To build organisations, you need to raise and manage money, recruit members, draw up plans, collect materials and resources and learn to organise. People must be given a vision for the organisation so they understand how they fit in. Doing social activities together can help build relationships that keep the group united and working smoothly. Organisations need authority structures, regular meetings and clear responsibilities.
Members of the group must be kept informed of opportunities to get involved and encouraged by news of the successes of the group. Organisations must be governed and accountable to responsible leaders. The public must get to know the name of your organisation.
Coalitions and networks bond organisations together into bigger groups with common interests. In this way, you build capacity and become stronger, so that you are stronger to fight for your cause.
If you don’t build your organisation: Your organisation will wither away over time. Old workers will leave and you won’t have new ones to replace them. If you work the organisation too hard, but don’t also grow it – it may fall apart.
If you have no organisation, you will work too hard yourself, spend too much of your own money and always be vulnerable to uncommitted volunteers who may fail you.
Applying the principles
In every activity and project: try to find ways of growing people, fighting causes and building organisations.
Different types of people: have different motivations. For example: pastors tend to like growing people; activists like fighting causes; managers like building organisations. Your team should have all these types of people and the co-ordinating leader must see that time and effort is invested in each aspect.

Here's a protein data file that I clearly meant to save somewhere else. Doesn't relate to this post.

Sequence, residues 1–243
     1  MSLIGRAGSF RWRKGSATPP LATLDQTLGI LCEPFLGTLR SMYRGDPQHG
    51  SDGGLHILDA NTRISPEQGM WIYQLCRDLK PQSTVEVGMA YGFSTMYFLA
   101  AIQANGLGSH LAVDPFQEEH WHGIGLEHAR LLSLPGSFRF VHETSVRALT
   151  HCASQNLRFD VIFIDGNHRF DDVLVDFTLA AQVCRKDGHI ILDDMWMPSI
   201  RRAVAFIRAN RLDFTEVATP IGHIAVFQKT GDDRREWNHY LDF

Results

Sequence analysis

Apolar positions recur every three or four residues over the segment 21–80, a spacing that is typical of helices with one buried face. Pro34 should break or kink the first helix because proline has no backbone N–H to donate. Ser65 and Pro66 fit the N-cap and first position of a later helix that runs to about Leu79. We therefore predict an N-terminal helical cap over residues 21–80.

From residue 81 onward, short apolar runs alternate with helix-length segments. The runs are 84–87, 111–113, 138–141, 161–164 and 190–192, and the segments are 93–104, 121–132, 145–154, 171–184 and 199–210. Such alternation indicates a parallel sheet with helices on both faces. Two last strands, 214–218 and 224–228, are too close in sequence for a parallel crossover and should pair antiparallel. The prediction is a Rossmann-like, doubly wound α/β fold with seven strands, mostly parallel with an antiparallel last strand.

Changing emphasis: An organisation can at different times have a different emphasis. For example, in planning a campaign, involve new people who can learn how to do things. During the campaign, the cause is emphasised. When this is finished, the group must consolidate gains to build the organisation. For example, interested people must be followed up, recruited as members and included in activities. When times are less busy, you can put effort into growing people.
A danger is that during a political crisis you spend too much time fighting the cause – and neglect people and the organisation. Afterwards, you may lose both. It is better to grow your capacity slowly over time so that you can keep fighting.
Coalitions:If you have many organisations involved in a project, try to see that each gets organisational benefits from it. For example: mention their name; try to encourage members to join them; spread costs fairly between organisations. If groups only want to help fight the cause, but not build up other organisations, they effectively weaken other groups by draining their resources. Don’t be selfish and only strengthen your group. By strengthening others, they an better fight for your interests than you can on your own.
So always remember to balance: your cause, your people and your organisation.